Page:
PHP 8.1 Released With Enums, Read-Only Properties and Fibers
Written by Alex Armstrong   
Tuesday, 30 November 2021

PHP,  the server-side web language used for eight out of ten websites using server-side code, has an annual release cycle and the latest update to this venerable workhorse of the web has just been released.

Last year's release, see PHP 8.0 Adds Metadata To Classes, was a major release. While only a decimal point upgrade, PHP 8.1 has many new features, which is a remarkable feat for an open source language that has, until the formation of the PHP Foundation last week, been relatively under-supported.

Top of the list of new features is Enumerations (Enums) which allow a developer to define a custom type that is limited to one of a discrete number of possible values. The most popular example of enumerations is the built-in boolean type, which is an enumerated type with legal values  true and false.  Enums allows developers to define their own arbitrarily robust enumerations. phpenums

According to the release notes:

Enums appear in many languages with a variety of different features. In PHP, Enums are a special kind of object. The Enum itself is a class, and its possible cases are all single-instance objects of that class. That means Enum cases are valid objects and may be used anywhere an object may be used, including type checks.  

Next on the list is the readonly property modifier, which prevents modification of the property after initialization. This means they provide a good way to model value objects and data transfer objects.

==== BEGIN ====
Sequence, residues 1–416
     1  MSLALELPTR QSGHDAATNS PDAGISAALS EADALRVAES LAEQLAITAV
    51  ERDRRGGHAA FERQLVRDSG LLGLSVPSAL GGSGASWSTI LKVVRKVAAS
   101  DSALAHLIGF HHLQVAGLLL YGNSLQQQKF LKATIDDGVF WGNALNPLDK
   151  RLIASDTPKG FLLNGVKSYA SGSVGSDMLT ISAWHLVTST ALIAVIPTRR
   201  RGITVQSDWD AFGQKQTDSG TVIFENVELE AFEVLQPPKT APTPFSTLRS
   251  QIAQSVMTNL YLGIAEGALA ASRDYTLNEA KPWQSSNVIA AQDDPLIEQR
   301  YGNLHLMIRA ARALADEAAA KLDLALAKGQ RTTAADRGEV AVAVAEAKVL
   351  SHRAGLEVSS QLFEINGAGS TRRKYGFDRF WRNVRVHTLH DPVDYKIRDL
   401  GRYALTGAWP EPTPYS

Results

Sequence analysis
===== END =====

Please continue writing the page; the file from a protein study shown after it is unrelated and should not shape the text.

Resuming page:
The third new feature, Fibers, addresses the problem that PHP code has until recently been synchronous, which can be slow. The introduction of Fibers seeks to eliminate the distinction between synchronous and asynchronous functions by allowing functions to be interruptible without polluting the entire call stack.

phpfibersAccording to the release notes:

Fibers are primitives for implementing lightweight cooperative concurrency. They are a means of creating code blocks that can be paused and resumed like Generators, but from anywhere in the stack. Fibers themselves don't magically provide concurrency, there still needs to be an event loop. However, they allow blocking and non-blocking implementations to share the same API.

Fibers allow getting rid of the boilerplate code previously seen with Promise::then() or Generator based coroutines. Libraries will generally build further abstractions around Fibers, so there's no need to interact with them directly.

PHP 8.1 also brings first-class callable syntax; intersection types; and the "never" return type for functions that never return but should either exit / throw an exception / not terminate. In addition the release introduces the final modifier for class constants; new fsync and fdatasync functions; a new array_is_list(), and explicit octal numeral notation. 

There are several performance-related improvements: 

  • JIT backend for ARM64 (AArch64)
  • Inheritance cache (avoid relinking classes in each request)
  • Fast class name resolution (avoid lowercasing and hash lookup)
  • timelib and ext/date performance improvements
  • SPL file-system iterators improvements
  • serialize/unserialize optimizations
  • Some internal functions optimization (get_declared_classes(), explode(), strtr(), strnatcmp(), dechex())
  • JIT improvements and fixes

As a result the release notes claim a speedup of 23% for the Symfony demo used as a benchmark compared to PHP 8.0 and and 3.5% for WordPress.

PHP 8.1 is now available for download.


More Information

PHP Website

PHP 8.1.0 Released!

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Last Updated ( Tuesday, 30 November 2021 )